R10 and R11 are the same or different and are independently hydrogen, alkyl, haloalkyl, aryl, alkoxy, aryloxy, cycloalkyl, heteroaryl, arylalkyl, or cycloheteroalkyl.
Additionally any two adjacent R4, R5 and R6 substituents can be joined together to form an aromatic or non-aromatic, substituted or unsubstituted ring (such as a cycloalkyl or cycloalkenyl ring), a cycloheteroalkyl ring or a heteroaryl ring, which ring contains 5 to 8 members.
Preferred are compounds of formula I of the invention wherein Y is a bond; that is
Preferably X is O or S; more preferably, X is O; preferably R1 and R2 are the same or different and are independently hydrogen, lower alkyl, perhaloalkyl, halogen, lower alkoxy, or aryl, at least one of R1 and R2 being other than hydrogen; more preferably R1 and R2 are the same or different and are independently hydrogen, lower alkyl, or perhaloalkyl, and R3 is H; preferably R4, R5 and R6 are the same or different and are independently H, lower alkyl, lower alkoxy, aryl, perhaloalkyl, or halogen; more preferably R4, R5 and R6 are the same or different and are independently hydrogen, lower alkyl,lower alkoxy or halogen.
Preferred examples of R1 and R2 groups include methyl, ethyl, isopropyl, t-butyl, trifluoromethyl or phenyl. Preferred examples of R4, R5 and R6 groups include fluoro, chloro, methyl, trifluoromethyl or methoxy.
In addition, in accordance with the present invention, methods for preventing, inhibiting or treating angina (stable or unstable), cardiac dysfunction, myocardial necrosis, arrhythmia, peripheral vascular disease including intermittent claudication are provided, wherein a compound of formula I of the invention is administered in a therapeutically effective amount which inhibits sodium/proton exchange.
In addition, a method is provided for the relief of symptoms of pain, parethesia or discomfort in the lower limb and gluteal regions produced by arterial insufficiency where symptoms are initiated or worsened with ambulation, which includes the step of administering to a mammalian species in need of treatment a therapeutically effective amount of a compound of formula I.
The following definitions apply to the terms as used throughout this specification, unless otherwise limited in specific instances.
Unless otherwise indicated, the term “lower alkyl”, “alkyl” or “alk” as employed herein alone or as part of another group includes both straight and branched chain hydrocarbons, containing 1 to 40 carbons, preferably 1 to 20 carbons, more preferably 1 to 12 carbons, in the normal chain,such as methyl, ethyl, propyl, isopropyl, butyl, t-butyl, isobutyl, pentyl, hexyl, isohexyl, heptyl, 4,4-dimethylpentyl, octyl, 2,2,4-trimethylpentyl, nonyl, decyl, undecyl, dodecyl, the various additional branched chain isomers thereof, and the like as well as such groups including 1 to 4 substituents which may be halo, for example F, Br, Cl or CF3, alkoxy, aryl, aryloxy, aryl(aryl) or diaryl, arylalkyl, arylalkyloxy, alkenyl, cycloalkyl, cycloalkylalkyl, cycloalkylalkyloxy, amino, hydroxy, hydroxyalkyl, acyl, heteroaryl, heteroaryloxy, nitro, cyano, haloalkyl, polyhaloalkyl (or perhaloalkyl) and/or alkylthio and/or any of the R1 groups.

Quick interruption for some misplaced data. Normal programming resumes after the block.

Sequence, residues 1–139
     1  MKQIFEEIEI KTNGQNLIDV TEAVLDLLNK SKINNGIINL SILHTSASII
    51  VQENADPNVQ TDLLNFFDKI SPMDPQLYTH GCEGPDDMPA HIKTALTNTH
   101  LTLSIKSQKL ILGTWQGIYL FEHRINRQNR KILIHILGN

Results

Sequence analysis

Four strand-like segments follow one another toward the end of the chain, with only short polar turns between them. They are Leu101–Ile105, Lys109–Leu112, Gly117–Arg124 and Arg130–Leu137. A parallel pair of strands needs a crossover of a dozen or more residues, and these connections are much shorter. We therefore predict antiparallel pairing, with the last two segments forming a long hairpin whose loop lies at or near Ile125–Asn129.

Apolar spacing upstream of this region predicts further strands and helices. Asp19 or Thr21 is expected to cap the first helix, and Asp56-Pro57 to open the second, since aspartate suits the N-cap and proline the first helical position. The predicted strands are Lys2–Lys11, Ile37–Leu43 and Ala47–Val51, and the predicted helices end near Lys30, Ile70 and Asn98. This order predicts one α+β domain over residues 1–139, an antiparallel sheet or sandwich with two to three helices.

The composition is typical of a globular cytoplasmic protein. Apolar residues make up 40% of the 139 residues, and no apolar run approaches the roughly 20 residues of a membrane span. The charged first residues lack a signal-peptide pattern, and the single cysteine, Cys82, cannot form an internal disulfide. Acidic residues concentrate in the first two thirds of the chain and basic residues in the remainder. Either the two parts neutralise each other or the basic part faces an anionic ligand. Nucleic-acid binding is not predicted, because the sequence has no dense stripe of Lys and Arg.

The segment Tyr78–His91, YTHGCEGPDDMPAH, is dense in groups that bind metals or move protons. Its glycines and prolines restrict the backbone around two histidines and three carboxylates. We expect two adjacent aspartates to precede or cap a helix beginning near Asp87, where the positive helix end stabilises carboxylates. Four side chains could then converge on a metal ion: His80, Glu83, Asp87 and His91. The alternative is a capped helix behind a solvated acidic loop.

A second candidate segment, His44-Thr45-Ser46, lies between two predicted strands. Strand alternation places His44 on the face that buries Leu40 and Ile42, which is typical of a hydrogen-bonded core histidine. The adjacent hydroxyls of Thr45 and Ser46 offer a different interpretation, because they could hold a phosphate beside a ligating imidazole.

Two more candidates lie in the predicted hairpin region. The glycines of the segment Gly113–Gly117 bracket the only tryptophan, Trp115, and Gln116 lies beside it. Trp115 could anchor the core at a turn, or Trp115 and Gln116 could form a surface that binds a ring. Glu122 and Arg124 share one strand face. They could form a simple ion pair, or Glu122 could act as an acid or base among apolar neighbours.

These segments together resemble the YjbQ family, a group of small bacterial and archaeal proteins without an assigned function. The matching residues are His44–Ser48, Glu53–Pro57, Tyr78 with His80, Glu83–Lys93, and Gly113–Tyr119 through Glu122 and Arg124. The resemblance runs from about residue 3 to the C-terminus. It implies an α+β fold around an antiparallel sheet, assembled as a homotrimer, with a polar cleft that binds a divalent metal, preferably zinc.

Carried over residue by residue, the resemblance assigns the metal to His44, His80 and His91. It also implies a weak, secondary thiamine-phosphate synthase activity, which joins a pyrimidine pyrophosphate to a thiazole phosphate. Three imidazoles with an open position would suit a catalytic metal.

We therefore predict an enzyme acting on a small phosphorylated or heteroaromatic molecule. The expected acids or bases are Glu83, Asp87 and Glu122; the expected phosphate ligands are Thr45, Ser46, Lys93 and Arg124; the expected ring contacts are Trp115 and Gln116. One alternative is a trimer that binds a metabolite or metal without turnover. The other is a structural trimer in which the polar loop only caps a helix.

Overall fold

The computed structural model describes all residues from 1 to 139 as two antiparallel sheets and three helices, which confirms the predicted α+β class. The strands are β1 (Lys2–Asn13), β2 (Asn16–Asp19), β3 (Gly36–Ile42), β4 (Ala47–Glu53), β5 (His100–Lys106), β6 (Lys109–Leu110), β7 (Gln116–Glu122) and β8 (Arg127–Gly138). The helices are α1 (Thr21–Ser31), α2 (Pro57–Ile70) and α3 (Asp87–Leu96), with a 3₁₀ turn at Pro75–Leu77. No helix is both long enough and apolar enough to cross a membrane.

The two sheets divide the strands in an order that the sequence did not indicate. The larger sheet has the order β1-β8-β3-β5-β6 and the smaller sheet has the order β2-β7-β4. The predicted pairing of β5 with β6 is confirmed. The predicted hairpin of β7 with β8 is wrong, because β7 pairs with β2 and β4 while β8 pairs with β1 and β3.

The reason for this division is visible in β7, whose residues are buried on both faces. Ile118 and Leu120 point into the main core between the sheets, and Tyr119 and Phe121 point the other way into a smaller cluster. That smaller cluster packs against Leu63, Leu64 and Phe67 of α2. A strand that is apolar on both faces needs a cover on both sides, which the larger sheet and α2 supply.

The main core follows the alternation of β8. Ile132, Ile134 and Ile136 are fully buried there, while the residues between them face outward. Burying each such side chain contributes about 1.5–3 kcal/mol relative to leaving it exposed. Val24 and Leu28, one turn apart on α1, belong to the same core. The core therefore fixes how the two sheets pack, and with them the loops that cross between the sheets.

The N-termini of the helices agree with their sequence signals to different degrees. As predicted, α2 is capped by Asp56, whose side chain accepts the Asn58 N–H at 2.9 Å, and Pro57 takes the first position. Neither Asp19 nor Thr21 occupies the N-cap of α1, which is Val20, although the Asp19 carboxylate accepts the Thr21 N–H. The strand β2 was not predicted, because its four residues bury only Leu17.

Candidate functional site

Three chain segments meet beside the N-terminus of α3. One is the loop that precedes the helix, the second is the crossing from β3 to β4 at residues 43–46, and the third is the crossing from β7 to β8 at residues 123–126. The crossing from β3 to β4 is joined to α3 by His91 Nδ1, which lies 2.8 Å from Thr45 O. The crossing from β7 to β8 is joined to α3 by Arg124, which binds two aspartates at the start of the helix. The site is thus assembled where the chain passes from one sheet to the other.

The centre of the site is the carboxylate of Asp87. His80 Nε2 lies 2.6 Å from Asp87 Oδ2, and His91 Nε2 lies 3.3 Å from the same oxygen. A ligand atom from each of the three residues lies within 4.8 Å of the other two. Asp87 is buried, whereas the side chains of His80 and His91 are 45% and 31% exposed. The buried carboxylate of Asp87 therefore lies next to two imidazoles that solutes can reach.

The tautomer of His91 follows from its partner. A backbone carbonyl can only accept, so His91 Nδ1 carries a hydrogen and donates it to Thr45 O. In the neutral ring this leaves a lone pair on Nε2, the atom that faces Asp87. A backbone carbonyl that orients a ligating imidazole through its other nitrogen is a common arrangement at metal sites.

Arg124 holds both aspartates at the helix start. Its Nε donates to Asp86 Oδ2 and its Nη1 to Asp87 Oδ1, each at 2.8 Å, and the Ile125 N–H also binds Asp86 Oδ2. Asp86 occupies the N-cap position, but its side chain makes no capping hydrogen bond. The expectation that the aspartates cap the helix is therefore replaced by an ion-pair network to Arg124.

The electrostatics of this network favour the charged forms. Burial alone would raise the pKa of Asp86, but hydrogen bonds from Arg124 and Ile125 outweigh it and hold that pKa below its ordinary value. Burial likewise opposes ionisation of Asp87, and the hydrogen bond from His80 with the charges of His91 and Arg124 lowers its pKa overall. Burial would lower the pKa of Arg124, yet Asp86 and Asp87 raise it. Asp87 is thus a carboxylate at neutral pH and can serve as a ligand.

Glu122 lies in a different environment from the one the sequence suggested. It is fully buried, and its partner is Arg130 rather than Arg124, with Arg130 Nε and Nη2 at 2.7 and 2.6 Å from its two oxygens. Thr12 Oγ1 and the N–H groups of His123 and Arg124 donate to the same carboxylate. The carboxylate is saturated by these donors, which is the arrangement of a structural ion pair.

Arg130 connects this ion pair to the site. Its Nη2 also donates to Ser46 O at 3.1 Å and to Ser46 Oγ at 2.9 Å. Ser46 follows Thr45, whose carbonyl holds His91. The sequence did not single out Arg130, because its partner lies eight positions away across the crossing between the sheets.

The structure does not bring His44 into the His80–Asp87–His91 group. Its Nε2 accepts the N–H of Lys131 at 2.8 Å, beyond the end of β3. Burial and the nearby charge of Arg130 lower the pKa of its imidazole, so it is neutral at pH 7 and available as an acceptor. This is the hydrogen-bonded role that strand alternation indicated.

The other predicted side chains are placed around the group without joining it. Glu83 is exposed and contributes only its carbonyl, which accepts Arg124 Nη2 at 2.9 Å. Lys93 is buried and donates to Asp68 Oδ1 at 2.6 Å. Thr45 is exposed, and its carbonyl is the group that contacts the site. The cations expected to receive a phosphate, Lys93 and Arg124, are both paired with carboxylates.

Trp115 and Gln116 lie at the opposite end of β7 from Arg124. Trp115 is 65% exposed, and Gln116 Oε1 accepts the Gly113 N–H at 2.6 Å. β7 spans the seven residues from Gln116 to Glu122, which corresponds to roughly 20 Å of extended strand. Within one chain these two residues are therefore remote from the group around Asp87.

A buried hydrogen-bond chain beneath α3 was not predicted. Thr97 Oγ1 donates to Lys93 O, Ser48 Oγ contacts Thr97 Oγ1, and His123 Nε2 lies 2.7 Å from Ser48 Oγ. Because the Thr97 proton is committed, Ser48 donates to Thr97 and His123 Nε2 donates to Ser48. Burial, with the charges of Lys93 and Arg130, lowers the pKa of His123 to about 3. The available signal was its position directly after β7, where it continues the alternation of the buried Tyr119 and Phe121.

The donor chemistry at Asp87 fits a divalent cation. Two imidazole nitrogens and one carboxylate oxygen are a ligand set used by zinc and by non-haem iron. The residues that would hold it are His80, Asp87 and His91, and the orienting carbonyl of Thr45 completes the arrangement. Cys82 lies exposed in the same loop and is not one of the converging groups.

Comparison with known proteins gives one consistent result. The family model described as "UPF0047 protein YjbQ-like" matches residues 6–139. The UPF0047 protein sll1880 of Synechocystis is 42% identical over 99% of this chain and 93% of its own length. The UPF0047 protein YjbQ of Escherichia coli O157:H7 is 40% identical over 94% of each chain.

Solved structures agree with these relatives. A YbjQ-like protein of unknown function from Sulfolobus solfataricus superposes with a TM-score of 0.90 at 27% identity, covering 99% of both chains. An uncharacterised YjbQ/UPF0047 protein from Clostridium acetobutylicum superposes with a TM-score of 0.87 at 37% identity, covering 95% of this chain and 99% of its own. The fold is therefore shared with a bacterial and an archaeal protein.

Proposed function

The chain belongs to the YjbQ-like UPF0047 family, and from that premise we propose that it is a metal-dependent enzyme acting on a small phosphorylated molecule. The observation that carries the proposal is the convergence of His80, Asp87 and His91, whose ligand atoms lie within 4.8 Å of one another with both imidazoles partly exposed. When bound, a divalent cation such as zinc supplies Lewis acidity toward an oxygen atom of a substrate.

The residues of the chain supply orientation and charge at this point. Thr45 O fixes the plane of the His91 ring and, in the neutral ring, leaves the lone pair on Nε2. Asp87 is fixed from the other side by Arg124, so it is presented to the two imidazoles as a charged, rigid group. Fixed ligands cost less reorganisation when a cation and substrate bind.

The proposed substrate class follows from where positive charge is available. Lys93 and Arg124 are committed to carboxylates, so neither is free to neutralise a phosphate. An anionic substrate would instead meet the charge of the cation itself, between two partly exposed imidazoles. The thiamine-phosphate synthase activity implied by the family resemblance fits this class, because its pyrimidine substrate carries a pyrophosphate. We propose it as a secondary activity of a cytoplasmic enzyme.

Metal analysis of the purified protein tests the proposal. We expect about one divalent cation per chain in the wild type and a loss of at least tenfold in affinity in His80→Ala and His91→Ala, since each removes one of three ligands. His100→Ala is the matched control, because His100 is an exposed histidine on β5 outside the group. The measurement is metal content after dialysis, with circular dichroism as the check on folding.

Unless otherwise indicated, the term “cycloalkyl” as employed herein alone or as part of another group includes saturated or partially unsaturated (containing 1 or 2 double bonds) cyclic hydrocarbon groups containing 1 to 3 rings, including monocyclicalkyl, bicyclicalkyl and tricyclicalkyl, containing a total of 3 to 20 carbons forming the rings, preferably 4 to 12 carbons, forming the ring and which may be fused to one aromatic ring as described for aryl; examples include cyclopropyl, cyclobutyl, cyclopentyl, cyclohexyl, cycloheptyl, cyclooctyl, cyclodecyl and cyclododecyl, cyclohexenyl,
any of which groups may be optionally substituted with 1 to 4 substituents which may be any of the substituents set out for alkyl.
The term “cycloalkenyl” as employed herein alone or as part of another group refers to cyclic hydrocarbons containing 5 to 20 carbons, preferably 6 to 12 carbons and 1 or 2 double bonds. Exemplary cycloalkenyl groups include cyclopentenyl, cyclohexenyl, cycloheptenyl, cyclooctenyl, cyclohexadienyl, and cycloheptadienyl, which may be optionally substituted as defined for cycloalkyl.
The term “aryl” as employed herein alone or as part of another group refers to monocyclic and bicyclic aromatic groups containing 6 to 10 carbons in the ring portion (such as phenyl or naphthyl including 1-naphthyl and 2-naphthyl) and may optionally include one to three additional rings fused to a carbocyclic ring or a heterocyclic ring (such as aryl, cycloalkyl, heteroaryl or cycloheteroalkyl rings) and may be optionally substituted through available carbon atoms with 1, 2, or 3 groups selected from hydrogen, halo, haloalkyl, alkyl, polyhaloalkyl, alkoxy, haloalkoxy, alkenyl, trifluoromethyl, trifluoromethoxy, alkynyl, cycloalkyl-alkyl, cycloheteroalkyl, cycloheteroalkylalkyl, aryl, heteroaryl, arylalkyl, aryloxy, aryloxyalkyl, arylalkoxy, arylthio, arylazo, heteroarylalkyl, heteroarylalkenyl, heteroarylheteroaryl, heteroaryloxy, hydroxy, nitro, cyano, amino, substituted amino wherein the amino includes 1 or 2 substituents (which are alkyl, aryl or any of the other aryl compounds mentioned in the definitions), thiol, alkylthio, arylthio, heteroarylthio, arylthioalkyl, alkoxyarylthio, alkylcarbonyl, arylcarbonyl, alkyl-aminocarbonyl, arylaminocarbonyl, alkoxycarbonyl, aminocarbonyl, alkylcarbonyloxy, arylcarbonyloxy, alkylcarbonylamino, arylcarbonylamino, arylsulfinyl, arylsulfinylalkyl, arylsulfonylamino or arylsulfon-aminocarbonyl, or any of the substituents set out for alkyl.